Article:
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Liability for Disrepair

On 5 May 2016, the Supreme Court heard the appeal of a Landlord in Edwards v Kumarasamy (UKSC 2015/0095). The Court needs to consider whether a Landlord under an assured shorthold tenancy, was liable for his tenant’s injuries under the extended covenant implied into the tenancy by section 11(1A) of the Landlord and Tenant Act 1985.

The Supreme Court’s decision had not been released at the time of writing this blog.

The tenant, Mr Edwards tripped on an uneven paving slab between the front door of the building of flats and the communal bin area. The Landlord, Mr Kumarasamy claimed that he had no obligation to repair the path between the building and the bin area, since he did not own it. The Landlord was the leaseholder of the flat rented by Mr Edwards.

The Court of Appeal found that a landlord of a flat let under a tenancy was liable for disrepair of common parts of the building in which the flat was situated. This liability arose under section 11 even when Mr Edwards had not given notice of the disrepair.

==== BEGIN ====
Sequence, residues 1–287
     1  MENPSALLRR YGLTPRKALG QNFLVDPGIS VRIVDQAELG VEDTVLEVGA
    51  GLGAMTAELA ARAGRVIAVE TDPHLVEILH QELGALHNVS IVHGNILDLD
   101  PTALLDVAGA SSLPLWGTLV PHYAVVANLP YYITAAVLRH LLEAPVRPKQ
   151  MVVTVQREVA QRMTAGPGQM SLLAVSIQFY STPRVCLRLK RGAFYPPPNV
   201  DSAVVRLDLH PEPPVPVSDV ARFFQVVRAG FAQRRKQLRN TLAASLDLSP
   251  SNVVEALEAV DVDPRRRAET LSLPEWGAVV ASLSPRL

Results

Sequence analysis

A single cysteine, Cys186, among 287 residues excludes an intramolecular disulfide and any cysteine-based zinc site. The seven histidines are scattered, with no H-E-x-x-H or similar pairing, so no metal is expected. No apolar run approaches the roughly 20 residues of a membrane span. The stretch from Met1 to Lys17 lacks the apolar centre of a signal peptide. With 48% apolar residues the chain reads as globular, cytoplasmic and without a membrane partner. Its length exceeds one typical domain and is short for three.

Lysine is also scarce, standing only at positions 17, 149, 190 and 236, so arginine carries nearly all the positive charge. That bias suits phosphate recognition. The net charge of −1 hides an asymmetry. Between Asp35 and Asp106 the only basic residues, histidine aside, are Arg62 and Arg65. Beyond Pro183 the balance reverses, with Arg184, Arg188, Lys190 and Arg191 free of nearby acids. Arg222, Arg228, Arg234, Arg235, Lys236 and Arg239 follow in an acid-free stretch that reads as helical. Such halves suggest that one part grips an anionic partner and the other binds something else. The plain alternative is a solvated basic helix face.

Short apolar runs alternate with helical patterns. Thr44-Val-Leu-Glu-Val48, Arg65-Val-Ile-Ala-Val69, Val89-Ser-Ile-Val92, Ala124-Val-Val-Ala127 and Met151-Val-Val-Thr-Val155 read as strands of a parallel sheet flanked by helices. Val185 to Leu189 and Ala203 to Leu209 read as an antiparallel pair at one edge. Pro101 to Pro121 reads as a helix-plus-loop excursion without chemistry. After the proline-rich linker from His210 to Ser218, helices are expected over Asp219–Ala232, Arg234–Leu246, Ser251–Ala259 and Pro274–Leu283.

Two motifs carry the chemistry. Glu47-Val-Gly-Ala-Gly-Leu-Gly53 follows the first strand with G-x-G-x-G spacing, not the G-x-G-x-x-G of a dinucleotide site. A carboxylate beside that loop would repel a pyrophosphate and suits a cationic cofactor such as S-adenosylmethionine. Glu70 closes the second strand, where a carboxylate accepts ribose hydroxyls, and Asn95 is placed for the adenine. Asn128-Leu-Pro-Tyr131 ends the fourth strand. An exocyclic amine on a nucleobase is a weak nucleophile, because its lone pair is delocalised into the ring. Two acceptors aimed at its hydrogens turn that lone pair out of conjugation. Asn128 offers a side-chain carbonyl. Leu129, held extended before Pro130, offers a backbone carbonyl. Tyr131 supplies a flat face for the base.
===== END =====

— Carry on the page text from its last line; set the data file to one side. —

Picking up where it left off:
The Court of Appeal found that the disrepair was not within the demised property, therefore the implied term that the tenant had to give notice of the disrepair was found not to apply. The disrepair was in a common area and knowledge of it would have been revealed had the landlord or his agents carried out inspections.

 

Many Landlords will be hoping that this decision is reversed by the Supreme Court. Until it is, Landlords are advised to carry out inspections or ensure that management companies are doing so and that they report any necessary repairs in common areas promptly in writing to the freeholder. Landlords of flats should also ensure that the freeholder’s insurance includes public liability cover.

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